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4TH MOTION SINCE JUNE 2015

Manila Science faculty, pupils file 'most urgent' plea vs. K-to-12


Teachers and students of the Manila Science High School (MSHS) have once again asked the Supreme Court to stop the implementation of the controversial "Kindergarten to Grade 12" or K to 12 program.

In their fourth and "most extremely urgent motion" filed on Monday, the petitioners asked the SC to resolve their plea for the issuance of a temporary restraining order (TRO) against the K to 12 program, which they filed on June 23 last year.

The petitioners said they are "completely baffled by the continued inaction" of the high tribunal despite their motion for a TRO being "most ripe for resolution and long overdue."

Grade 10 students to suffer

They said their Grade 10 students will suffer grave injustice and irreparable injury of not being admitted to college next school year if the high court will not act on their petition.

Aside from their latest motion, the teachers, students and their parents have filed three other urgent motions for resolution of the TRO plea since filing their petition in June 2015: first on July 28, 2015, the second on September 17, 2015, the third on December 2, 2015.

"They implore and beseech the Honorable Supreme Court to forthwith and without further delay, immediately issue the Temporary Restraining Order they have long been praying for, so that the implementation of the K to 12 law be stopped, thus allowing the current Grade Ten students to take College Entrance Tests and eventually enter College next school year," the group said in a statement.

"They cannot understand why it takes so long [some as long as two (2) months] for very simple Resolutions to reach them," they added as they asked the SC to include their latest motion in the en banc session's agenda on Tuesday.

MSHS doesn't need K to 12

The petitioners insisted that their school no longer needs the K-12 Program because their current curriculum are already "heavier and more advanced" compared to those of other schools.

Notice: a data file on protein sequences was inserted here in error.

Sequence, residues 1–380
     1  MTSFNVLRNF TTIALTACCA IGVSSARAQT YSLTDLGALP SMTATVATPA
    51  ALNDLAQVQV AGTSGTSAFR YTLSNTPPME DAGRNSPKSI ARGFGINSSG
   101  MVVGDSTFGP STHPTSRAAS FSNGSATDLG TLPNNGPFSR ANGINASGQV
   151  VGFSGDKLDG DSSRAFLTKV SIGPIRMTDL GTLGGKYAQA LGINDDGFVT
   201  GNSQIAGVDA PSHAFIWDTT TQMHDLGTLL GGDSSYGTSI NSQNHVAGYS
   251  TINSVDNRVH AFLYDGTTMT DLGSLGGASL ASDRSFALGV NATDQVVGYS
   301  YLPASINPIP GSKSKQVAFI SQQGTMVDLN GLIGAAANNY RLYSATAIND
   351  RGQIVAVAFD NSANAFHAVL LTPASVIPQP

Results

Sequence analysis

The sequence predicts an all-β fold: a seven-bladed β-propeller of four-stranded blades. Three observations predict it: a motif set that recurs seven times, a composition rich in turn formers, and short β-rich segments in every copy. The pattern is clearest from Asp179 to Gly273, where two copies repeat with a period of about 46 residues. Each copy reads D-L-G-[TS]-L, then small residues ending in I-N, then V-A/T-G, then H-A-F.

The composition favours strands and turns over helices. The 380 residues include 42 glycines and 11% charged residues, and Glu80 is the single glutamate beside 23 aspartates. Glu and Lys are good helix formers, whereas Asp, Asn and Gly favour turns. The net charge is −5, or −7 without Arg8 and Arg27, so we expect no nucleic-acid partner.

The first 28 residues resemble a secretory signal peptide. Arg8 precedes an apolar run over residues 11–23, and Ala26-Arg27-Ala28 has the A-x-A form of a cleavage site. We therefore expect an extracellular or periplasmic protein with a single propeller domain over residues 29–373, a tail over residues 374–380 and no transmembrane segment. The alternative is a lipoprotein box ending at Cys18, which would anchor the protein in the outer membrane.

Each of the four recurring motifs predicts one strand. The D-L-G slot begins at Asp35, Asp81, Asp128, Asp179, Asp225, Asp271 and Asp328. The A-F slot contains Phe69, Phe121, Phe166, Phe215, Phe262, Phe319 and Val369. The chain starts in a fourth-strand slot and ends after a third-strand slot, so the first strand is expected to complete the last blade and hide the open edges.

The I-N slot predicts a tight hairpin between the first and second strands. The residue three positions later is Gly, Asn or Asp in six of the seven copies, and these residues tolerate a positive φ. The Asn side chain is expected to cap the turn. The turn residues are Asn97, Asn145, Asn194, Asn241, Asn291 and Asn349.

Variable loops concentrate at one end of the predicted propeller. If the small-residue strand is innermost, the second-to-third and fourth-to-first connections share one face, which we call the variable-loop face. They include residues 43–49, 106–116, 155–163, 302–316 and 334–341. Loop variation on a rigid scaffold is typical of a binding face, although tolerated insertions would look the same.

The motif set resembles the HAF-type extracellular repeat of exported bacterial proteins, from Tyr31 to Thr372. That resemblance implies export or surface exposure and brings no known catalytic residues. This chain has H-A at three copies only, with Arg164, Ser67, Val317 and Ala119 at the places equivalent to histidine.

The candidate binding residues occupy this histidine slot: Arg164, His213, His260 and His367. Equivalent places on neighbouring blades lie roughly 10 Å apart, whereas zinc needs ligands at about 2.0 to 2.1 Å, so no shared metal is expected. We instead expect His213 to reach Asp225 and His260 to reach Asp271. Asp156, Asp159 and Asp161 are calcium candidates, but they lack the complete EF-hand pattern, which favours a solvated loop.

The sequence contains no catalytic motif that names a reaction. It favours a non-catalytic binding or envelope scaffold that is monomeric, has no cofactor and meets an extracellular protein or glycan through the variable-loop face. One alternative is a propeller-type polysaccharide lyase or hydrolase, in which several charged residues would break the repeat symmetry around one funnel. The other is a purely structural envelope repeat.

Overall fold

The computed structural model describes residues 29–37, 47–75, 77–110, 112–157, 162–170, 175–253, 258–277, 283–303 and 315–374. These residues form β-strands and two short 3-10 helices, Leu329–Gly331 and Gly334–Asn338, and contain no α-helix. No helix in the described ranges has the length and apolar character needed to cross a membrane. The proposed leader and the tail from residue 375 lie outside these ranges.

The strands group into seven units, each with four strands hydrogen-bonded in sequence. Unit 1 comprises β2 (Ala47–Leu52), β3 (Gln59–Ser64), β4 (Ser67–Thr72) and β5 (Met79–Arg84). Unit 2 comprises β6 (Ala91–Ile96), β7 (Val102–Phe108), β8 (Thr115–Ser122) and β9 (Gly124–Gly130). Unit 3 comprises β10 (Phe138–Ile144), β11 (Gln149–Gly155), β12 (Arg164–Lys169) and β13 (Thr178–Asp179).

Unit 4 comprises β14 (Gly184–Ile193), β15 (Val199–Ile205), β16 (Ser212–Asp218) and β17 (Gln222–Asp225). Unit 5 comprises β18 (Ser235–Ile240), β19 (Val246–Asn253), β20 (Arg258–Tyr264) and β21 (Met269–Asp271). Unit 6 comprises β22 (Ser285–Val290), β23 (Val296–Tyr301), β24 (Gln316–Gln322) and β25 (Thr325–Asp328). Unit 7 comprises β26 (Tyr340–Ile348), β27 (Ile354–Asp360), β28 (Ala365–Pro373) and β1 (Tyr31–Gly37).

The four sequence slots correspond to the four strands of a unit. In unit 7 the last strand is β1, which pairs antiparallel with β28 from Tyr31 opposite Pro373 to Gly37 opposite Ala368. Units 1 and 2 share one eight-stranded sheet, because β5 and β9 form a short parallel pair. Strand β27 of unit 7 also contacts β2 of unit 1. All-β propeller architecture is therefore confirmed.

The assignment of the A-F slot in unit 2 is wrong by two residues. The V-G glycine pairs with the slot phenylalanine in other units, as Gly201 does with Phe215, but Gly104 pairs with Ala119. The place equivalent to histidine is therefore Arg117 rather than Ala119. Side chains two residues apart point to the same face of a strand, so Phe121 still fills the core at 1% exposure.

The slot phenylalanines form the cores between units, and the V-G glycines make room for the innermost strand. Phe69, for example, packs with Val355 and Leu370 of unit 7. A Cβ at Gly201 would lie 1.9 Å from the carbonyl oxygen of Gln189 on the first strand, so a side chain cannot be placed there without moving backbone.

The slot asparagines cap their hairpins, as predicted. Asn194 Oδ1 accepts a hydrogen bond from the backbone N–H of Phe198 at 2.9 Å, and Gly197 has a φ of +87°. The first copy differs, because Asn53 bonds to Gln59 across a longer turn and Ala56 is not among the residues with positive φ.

MSHS students likewise were "gifted and talented learners" who can "master" their secondary studies in four years, the petitioners added..

The petitioners also wanted their school's special science curriculum, in which some subjects had been discarded due to the K to 12 Program, be restored.

The petitioners said forcing the students to take two additional years in senior high school would "frustrate the very purpose why the School was established in the very first place, putting to great waste their special talents and capabilities."

They said implementing the K to 12 program in MSHS would become a "huge step backwards insofar as the development of science and technology mandated by the Philippine Constitution."

The petitioners said the controversial law should not be applied retroactively to Grade 10 students of MSHS. "[The] new methodology - the spiral progression approach - where knowledge and skills are mastered after each level... most evidently, cannot start at the end with senior high school but must start at kindergarden."

No consultation

In their plea in June last year, the petitioners said Congress violated the students’ rights to due process, to equal protection, and to select a course of study when they crafted RA 10533, “by unfairly and unreasonably requiring them to attend two additional years of senior high school as a pre-condition to entry to college."

They also said Education Secretary Armin Luistro and the other respondents committed grave abuse of discretion when they implemented the K to 12 program without prior consultation with parents and teachers.

They said the assailed curriculum under the K to 12 program, implemented at the MSHS in 2012, should not have been put in force yet that year because the law on the matter was still being deliberated by Congress that time.

The petitioners added that RA 10533 should be applied prospectively and should only cover students who started kindergarten in 2013.

The petitioners asked the high tribunal to stop the implementation of the current curriculum under the K to 12 program, and restore the special science curriculum by coming up with “remedial measures” to ensure the math and science subjects discarded under K-12 will be taught to the students.

Likewise, they insisted before the SC that the Grade 10 students affected by the K to 12 program should still be allowed to apply and take college entrance exams.

Among the petitioners were officers of the MSHS Faculty and Employees Club. The petition will also be filed on behalf of all other students, parents, and teachers of the school who share their cause. —KBK, GMA News